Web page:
A few members expressed concerns that investor expectations of the cumulative size of the asset purchase program appeared to have increased somewhat since it was launched last September despite a notable decline in the unemployment rate and other improvements in the labor market since then. In contrast, a few other members focused on evidence that market expectations about the total size of the program had changed little, on net, since the program was launched or had responded appropriately to incoming information. Members generally agreed on the need for the Committee to communicate clearly that the pace and ultimate size of its asset purchases would depend on the Committee's continued assessment of the outlook for the labor market and inflation in addition to its judgments regarding the efficacy and costs of additional purchases and the extent of progress toward its economic objectives. To highlight its willingness to adjust the flow of purchases in light of incoming information, the Committee included language in the statement to be released following the meeting that said the Committee was prepared to increase or reduce the pace of its purchases to maintain appropriate policy accommodation as the outlook for the labor market or inflation changes.
At the conclusion of the discussion, the Committee voted to authorize and direct the Federal Reserve Bank of New York, until it was instructed otherwise, to execute transactions in the System Account in accordance with the following domestic policy directive:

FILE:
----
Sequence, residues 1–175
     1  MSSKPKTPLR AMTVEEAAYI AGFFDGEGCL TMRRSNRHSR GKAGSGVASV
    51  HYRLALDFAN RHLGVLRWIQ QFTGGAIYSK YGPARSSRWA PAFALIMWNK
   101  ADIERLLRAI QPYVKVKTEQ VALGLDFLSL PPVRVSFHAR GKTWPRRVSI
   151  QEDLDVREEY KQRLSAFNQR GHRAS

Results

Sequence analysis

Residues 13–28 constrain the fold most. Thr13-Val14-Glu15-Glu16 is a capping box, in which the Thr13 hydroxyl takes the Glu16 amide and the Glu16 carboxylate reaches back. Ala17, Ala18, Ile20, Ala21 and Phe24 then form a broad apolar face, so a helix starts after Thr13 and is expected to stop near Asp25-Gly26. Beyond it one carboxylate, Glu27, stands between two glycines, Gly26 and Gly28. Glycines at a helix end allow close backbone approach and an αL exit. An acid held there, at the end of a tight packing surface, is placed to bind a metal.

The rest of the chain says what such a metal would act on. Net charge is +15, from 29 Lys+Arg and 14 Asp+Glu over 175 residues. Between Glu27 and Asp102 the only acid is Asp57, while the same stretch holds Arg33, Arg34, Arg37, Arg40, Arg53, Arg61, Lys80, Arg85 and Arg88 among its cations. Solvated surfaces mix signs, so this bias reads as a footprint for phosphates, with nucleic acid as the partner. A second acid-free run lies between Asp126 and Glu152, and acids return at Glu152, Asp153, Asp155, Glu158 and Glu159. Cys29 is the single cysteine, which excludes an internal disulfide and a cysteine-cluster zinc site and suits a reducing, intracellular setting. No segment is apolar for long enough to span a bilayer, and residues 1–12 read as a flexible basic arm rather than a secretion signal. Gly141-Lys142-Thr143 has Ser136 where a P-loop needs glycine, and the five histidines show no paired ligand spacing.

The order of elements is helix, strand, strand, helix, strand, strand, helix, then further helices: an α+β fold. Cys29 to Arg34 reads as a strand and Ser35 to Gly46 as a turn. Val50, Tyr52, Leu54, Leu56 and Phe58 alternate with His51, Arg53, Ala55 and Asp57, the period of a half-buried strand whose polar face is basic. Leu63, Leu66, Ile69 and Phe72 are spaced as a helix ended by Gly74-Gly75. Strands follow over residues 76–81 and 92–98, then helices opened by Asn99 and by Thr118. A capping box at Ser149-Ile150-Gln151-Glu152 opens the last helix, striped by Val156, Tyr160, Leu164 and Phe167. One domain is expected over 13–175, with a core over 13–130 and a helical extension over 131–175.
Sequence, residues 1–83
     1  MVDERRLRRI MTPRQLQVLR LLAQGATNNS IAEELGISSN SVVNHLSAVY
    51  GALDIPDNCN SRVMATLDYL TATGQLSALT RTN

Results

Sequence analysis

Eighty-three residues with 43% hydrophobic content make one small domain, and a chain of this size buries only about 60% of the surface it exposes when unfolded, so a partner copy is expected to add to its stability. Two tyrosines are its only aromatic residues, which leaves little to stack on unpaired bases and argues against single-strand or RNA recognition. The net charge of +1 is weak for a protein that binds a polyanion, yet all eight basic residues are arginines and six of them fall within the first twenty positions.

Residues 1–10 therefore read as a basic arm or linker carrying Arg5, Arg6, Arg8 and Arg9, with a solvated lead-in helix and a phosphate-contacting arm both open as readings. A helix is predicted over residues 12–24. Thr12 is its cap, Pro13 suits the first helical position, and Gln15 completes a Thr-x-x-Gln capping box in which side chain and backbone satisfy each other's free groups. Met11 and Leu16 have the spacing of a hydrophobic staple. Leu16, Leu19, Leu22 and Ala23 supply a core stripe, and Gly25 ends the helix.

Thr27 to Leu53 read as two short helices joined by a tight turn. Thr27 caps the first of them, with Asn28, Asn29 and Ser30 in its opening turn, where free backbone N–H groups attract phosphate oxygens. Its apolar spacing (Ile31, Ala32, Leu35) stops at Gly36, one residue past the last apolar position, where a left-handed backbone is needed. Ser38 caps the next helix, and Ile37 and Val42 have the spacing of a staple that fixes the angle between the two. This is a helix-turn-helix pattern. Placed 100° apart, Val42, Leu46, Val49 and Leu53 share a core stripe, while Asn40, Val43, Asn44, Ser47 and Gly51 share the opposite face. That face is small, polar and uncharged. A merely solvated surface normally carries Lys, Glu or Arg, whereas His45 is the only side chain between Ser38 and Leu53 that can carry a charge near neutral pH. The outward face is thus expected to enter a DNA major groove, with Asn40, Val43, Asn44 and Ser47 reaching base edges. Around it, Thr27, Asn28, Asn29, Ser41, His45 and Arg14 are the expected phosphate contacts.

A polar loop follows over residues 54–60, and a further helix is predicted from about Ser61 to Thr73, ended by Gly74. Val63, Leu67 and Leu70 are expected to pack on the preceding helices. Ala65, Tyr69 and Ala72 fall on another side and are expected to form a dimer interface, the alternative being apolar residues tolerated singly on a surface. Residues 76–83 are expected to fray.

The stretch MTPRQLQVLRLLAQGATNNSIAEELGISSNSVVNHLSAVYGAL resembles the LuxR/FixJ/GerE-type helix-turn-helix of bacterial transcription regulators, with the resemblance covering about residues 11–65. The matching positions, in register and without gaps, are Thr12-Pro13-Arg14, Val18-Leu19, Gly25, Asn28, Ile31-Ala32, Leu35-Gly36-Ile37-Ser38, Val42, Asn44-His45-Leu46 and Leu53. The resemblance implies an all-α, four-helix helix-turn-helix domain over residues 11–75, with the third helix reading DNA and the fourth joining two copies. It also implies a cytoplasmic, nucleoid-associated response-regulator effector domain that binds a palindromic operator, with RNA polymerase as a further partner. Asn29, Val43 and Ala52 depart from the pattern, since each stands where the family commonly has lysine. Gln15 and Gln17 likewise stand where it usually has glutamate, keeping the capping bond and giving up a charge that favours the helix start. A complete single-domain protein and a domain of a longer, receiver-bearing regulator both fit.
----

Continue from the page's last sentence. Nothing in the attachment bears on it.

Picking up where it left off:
"Consistent with its statutory mandate, the Federal Open Market Committee seeks monetary and financial conditions that will foster maximum employment and price stability. In particular, the Committee seeks conditions in reserve markets consistent with federal funds trading in a range from 0 to 1/4 percent. The Committee directs the Desk to undertake open market operations as necessary to maintain such conditions. The Desk is directed to continue purchasing longer-term Treasury securities at a pace of about $45 billion per month and to continue purchasing agency mortgage-backed securities at a pace of about $40 billion per month. The Committee also directs the Desk to engage in dollar roll and coupon swap transactions as necessary to facilitate settlement of the Federal Reserve's agency mortgage-backed securities transactions. The Committee directs the Desk to maintain its policy of rolling over maturing Treasury securities into new issues and its policy of reinvesting principal payments on all agency debt and agency mortgage-backed securities in agency mortgage-backed securities. The System Open Market Account Manager and the Secretary will keep the Committee informed of ongoing developments regarding the System's balance sheet that could affect the attainment over time of the Committee's objectives of maximum employment and price stability."The vote encompassed approval of the statement below to be released at 2:00 p.m.: "Information received since the Federal Open Market Committee met in March suggests that economic activity has been expanding at a moderate pace. Labor market conditions have shown some improvement in recent months, on balance, but the unemployment rate remains elevated. Household spending and business fixed investment advanced, and the housing sector has strengthened further, but fiscal policy is restraining economic growth. Inflation has been running somewhat below the Committee's longer-run objective, apart from temporary variations that largely reflect fluctuations in energy prices. Longer-term inflation expectations have remained stable. Consistent with its statutory mandate, the Committee seeks to foster maximum employment and price stability. The Committee expects that, with appropriate policy accommodation, economic growth will proceed at a moderate pace and the unemployment rate will gradually decline toward levels the Committee judges consistent with its dual mandate. The Committee continues to see downside risks to the economic outlook. The Committee also anticipates that inflation over the medium term likely will run at or below its 2 percent objective. To support a stronger economic recovery and to help ensure that inflation, over time, is at the rate most consistent with its dual mandate, the Committee decided to continue purchasing additional agency mortgage-backed securities at a pace of $40 billion per month and longer-term Treasury securities at a pace of $45 billion per month. The Committee is maintaining its existing policy of reinvesting principal payments from its holdings of agency debt and agency mortgage-backed securities in agency mortgage-backed securities and of rolling over maturing Treasury securities at auction. Taken together, these actions should maintain downward pressure on longer-term interest rates, support mortgage markets, and help to make broader financial conditions more accommodative. The Committee will closely monitor incoming information on economic and financial developments in coming months. The Committee will continue its purchases of Treasury and agency mortgage-backed securities, and employ its other policy tools as appropriate, until the outlook for the labor market has improved substantially in a context of price stability. The Committee is prepared to increase or reduce the pace of its purchases to maintain appropriate policy accommodation as the outlook for the labor market or inflation changes. In determining the size, pace, and composition of its asset purchases, the Committee will continue to take appropriate account of the likely efficacy and costs of such purchases as well as the extent of progress toward its economic objectives. To support continued progress toward maximum employment and price stability, the Committee expects that a highly accommodative stance of monetary policy will remain appropriate for a considerable time after the asset purchase program ends and the economic recovery strengthens. In particular, the Committee decided to keep the target range for the federal funds rate at 0 to 1/4 percent and currently anticipates that this exceptionally low range for the federal funds rate will be appropriate at least as long as the unemployment rate remains above 6 1/2 percent, inflation between one and two years ahead is projected to be no more than a half percentage point above the Committee's 2 percent longer-run goal, and longer-term inflation expectations continue to be well anchored. In determining how long to maintain a highly accommodative stance of monetary policy, the Committee will also consider other information, including additional measures of labor market conditions, indicators of inflation pressures and inflation expectations, and readings on financial developments. When the Committee decides to begin to remove policy accommodation, it will take a balanced approach consistent with its longer-run goals of maximum employment and inflation of 2 percent." Voting for this action: Ben Bernanke, William C. Dudley, James Bullard, Elizabeth Duke, Charles L. Evans, Jerome H. Powell, Sarah Bloom Raskin, Eric Rosengren, Jeremy C. Stein, Daniel K. Tarullo, and Janet L. Yellen. Voting against this action: Esther L. George. Ms. George dissented because she continued to view monetary policy as overly accommodative and therefore as posing risks to the long-term sustainable growth of the economy. She expressed concern that the stance of policy might be fostering imbalances and excessive risk-taking in some financial markets and institutions, and she cited the potential for the Committee's ongoing asset purchases to complicate the future conduct of policy, raise uncertainty, and affect future inflation expectations. Accordingly, Ms. George preferred to signal a near-term tapering of asset purchases, which would begin to move policy toward a more appropriate stance. Review of Exit Strategy Principles After the policy vote, participants began a review of the exit strategy principles that were published in the minutes of the Committee's June 2011 meeting. Those principles, which the Committee issued to clarify how it intended to normalize the stance and conduct of monetary policy when doing so eventually became appropriate, included broad principles along with some details about the timing and sequence of specific steps the Committee expected to take. The participants' discussion touched on various aspects of the exit strategy principles and policy normalization more generally, including the size and composition of the SOMA portfolio in the longer run, the use of a range of reserve-draining tools, the approach to sales of securities, the eventual framework for policy implementation, and the relationship between the principles and the economic thresholds in the Committee's forward guidance on the federal funds rate. The broad principles adopted almost two years ago appeared generally still valid, but developments since then--including the change in the size and composition of SOMA asset holdings--suggested a need for greater flexibility regarding the details of implementing policy normalization, particularly because those details would appropriately depend at least in part upon future economic and financial developments. Also, because normalization still appeared to be well in the future, the Committee might wish to wait and acquire additional experience to inform its plans. In particular, the process of normalizing policy could yield information about the most effective framework for implementing monetary policy in the longer run, and thus about the appropriate size of the SOMA portfolio and level of reserve balances. In addition, several participants raised the possibility that the federal funds rate might not, in the future, be the best indicator of the general level of short-term interest rates, and supported further staff study of potential alternative approaches to implementing monetary policy in the longer term and of possible new tools to improve control over short-term interest rates.